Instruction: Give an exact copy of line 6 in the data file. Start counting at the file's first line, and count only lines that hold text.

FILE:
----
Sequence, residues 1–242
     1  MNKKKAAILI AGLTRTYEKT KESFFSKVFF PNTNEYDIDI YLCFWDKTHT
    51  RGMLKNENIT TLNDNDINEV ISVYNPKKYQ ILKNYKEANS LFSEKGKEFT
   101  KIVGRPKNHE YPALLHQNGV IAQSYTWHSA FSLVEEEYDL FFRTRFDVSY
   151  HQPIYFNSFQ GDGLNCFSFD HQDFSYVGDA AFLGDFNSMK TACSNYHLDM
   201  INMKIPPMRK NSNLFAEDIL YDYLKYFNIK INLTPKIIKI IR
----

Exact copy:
   201  INMKIPPMRK NSNLFAEDIL YDYLKYFNIK INLTPKIIKI IR